3d Printed Filament Dryer&cleaner



Introduction: 3d Printed Filament Dryer&cleaner

About: Hi. I am a military automotive engineer passionate about 3d printing area/ cad design / or just about anything in and around this subject. My gf , who helps me in my projects , is now a registered nurse in t...

I had the idea for this project after experiencing a lot of defects in my prints , mainly caused by humidity ( thanks to British weather ) and dust. The defects , clogging and you can observe them in the pics , courtesy of the website simplify3d.com (https://www.simplify3d.com/support/print-quality-troubleshooting/) and also due to the humidity , you would hear a small cracking while printing coming from the nozzle.The printer i used for this project was the Rostock Max V2 I received from SeeMeCNC and the hairdryer is a Bosch model (I made it so , you can add your hairdryer adapter and don't have to search on ebay for the model that I used).

Currently working on a cooling module for those of you who use a little more powerful hairdryer , and you don't want your filament to exceed 50-55*C. The hairdryer that I use has a off-half power-full power button , and I use it on half power for now. The temp goes up to 35-40*C so it's in the OK range for ABS and other high temp filaments , not so much for PLA.

Future developments: You can also add a filament sensor , to notify you when you are out of filament or it has the wrong diameter.

The design of the rollers was inspired by this project:

Step 1: Bill of Materials

-large bed 3d printer , capable of printing 240mmx80mm ( if you land just short from it , you may be able to print it diagonally )
-about 500g of (preferably...mandatory) ABS filament . Temperature can reach 45*C inside so you would be better off with ABS or higher temp materials rather than PLA.
-4 bearings 625ZZ
-screws M3, M4, M4.5 ( not pictured )
-some glue
-a hairdryer - i used my girlfriend's old hairdryer , Bosch ( for the filament drying part ) - you would want one stick shape not pistol shape. It makes the design more compact.
-4 or 8 magnets neodym , 10mm diameter , 3mm thick ( 8 if you want the cooling module )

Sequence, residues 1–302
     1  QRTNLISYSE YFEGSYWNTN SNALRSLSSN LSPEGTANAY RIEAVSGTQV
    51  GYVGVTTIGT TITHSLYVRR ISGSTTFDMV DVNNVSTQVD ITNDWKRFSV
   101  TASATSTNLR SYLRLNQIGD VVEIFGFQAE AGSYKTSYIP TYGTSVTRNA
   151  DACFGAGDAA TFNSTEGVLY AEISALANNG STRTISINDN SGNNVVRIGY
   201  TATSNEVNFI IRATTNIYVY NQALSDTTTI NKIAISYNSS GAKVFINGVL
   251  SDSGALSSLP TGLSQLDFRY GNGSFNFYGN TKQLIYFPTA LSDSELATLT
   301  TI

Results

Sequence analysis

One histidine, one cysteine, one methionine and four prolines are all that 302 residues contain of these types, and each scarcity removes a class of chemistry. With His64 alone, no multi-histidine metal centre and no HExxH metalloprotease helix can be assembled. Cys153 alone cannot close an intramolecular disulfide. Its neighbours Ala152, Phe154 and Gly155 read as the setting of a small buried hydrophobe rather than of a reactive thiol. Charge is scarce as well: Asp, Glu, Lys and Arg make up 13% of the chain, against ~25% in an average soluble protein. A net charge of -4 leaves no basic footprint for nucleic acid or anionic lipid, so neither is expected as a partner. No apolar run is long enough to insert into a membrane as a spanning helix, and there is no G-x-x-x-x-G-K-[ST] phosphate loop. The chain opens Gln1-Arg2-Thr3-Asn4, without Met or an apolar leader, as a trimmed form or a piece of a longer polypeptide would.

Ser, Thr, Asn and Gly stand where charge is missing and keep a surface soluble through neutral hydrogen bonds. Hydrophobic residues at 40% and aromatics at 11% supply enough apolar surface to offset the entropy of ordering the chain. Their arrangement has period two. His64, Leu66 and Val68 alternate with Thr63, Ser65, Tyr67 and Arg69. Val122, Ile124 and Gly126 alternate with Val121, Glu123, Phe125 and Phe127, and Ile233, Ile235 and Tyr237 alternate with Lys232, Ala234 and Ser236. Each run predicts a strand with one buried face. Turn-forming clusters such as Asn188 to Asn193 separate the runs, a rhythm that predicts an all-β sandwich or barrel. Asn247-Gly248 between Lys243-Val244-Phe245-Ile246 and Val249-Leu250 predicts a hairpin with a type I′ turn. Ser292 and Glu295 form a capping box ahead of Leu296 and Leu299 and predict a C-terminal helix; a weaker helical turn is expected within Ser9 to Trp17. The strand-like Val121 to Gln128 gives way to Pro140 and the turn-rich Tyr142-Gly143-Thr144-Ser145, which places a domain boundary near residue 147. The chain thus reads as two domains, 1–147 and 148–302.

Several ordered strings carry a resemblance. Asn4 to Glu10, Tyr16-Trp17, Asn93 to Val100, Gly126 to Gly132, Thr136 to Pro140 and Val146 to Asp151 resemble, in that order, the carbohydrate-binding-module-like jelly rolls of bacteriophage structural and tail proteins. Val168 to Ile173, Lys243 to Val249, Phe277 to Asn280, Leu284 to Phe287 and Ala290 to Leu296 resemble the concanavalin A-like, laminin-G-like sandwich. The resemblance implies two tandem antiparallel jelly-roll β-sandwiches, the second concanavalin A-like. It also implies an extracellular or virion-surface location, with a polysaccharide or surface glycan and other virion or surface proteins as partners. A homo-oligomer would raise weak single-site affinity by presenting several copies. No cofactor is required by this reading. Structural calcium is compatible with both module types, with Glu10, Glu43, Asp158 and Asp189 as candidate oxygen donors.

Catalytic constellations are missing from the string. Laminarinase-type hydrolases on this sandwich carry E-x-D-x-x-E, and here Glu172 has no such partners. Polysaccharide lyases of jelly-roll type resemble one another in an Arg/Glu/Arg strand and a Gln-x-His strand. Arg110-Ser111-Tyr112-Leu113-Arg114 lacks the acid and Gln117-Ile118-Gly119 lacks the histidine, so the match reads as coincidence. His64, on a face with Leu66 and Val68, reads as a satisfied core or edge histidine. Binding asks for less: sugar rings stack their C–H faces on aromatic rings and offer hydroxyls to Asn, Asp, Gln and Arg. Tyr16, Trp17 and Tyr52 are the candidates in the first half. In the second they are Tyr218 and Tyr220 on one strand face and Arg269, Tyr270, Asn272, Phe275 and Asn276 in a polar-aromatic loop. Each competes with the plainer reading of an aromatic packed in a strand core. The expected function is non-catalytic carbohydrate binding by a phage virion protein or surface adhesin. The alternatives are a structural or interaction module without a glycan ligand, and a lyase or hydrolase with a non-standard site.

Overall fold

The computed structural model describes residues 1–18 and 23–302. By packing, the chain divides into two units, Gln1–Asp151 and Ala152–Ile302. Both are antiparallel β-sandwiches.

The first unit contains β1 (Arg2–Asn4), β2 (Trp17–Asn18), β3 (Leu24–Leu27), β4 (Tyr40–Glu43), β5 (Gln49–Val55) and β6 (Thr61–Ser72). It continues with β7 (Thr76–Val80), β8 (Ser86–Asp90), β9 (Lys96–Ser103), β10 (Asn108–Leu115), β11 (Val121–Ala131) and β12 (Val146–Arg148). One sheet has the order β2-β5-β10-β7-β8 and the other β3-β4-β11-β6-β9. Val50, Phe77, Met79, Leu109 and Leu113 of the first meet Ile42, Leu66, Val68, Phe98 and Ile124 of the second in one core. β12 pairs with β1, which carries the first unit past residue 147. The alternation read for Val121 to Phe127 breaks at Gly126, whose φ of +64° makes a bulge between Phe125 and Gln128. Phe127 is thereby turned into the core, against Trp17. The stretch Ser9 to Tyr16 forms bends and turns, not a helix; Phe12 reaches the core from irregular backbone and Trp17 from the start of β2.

-a sponge (for the filament cleaning part)
-a sharp tool to clean your prints and cut your sponge

-a silicone stick glue
If you think that the temp inside is getting too hot , you can add a module with a 5V fan 40mmx40mm controlled by an arduino board with a temp probe inside - "cool" but still hot ;) . - you will also need a 9v adapter to power your arduino.

The design is modular so if you want to improve it , you just print a module , not the whole thing.
This design is for spools that have a maximum diameter of ~205mm , and a width of ~52.5mm (usually 500g-750g) . You would be able to fit in larger ones if you increase the size but I don't have a printer that big.

Good to have : laser thermometer

Step 2: Files

You will have to make your own adapter , i will post mine in case somebody out there has a bosch hairdryer on hand. The rest of the parts should be the same as mine , in case you stick to the basic model. If you want improvements , remember... keep it modular. It's better for the community . :)

You can break off the "Mickey Mouse" ears after you finish the print, I made them because my ABS would warp like hell, I had to dump a print at 85% because of the warping :( .

Some of the parts i designed in Fusion 360 so that it would be easier to be customized by the users out there and some I designed in Catia V5 because this is the software I normally use. will post the design files on the 20-25th of december because I have to make some corrections ,but for now , you have the STL's.

files can be found here : http://www.thingiverse.com/thing:1936600

Step 3: Assemblying

Lets start with the Cleaning Filter.
Using your sharp tool , cut a piece of sponge of just the right size , not too big because it will create lots of drag , not too small because it will go all the way trough the hole.
Then , attach it to the lower shell using glue. You can also use glue to attach the sponge to the filter case so it won't move around.

Step 4: Assemblying Part 2

In this part we will assemble the rollers... or tumblers .
As you can see , in the assembled position , the rollers have 2 walls that prevent the spool to go either left or right touching the walls or falling.

Glue the blue and green parts ( as they appear in the Catia rendering ) . They have complementary shapes , so they will fit just fine.

Place your bearings inside the printed roller parts , as you see in the image and glue them in place.

Place the rollers inside the lower case and secure their place by driving the M4.5 screws from the sides , trough the small bearing's hole.

Step 5: Assemblying Part 3

Place your magnets in the holes of the shell , and glue them in place.
I also used an old soldering iron to melt some filament and cover those powerful neodym magnets.
These magnets will insure your shell won't loose it's top part at every small vibration.

Step 6: Assemblying Part 4

See if your hair dryer adapter fits your hair dryer . After that , place the adapter inside it's hole and glue it with some silicone stick glue . I made the diameter like 1.5mm smaller because i wasn't sure about how well the printer will print overhangs , so you might increase your diameter to your needs.

Step 7: Finished

Still to come , a cooling module controlled by an arduino board which will unable active temperature control as opposed to just relying on those vents.
Don't worry, it will be modular ;)

You can support future development , not only of this project but of many others as well , by sharing it with others.

CNC Contest 2016

Participated in the
CNC Contest 2016

Design Now: 3D Design Contest 2016

Participated in the
Design Now: 3D Design Contest 2016

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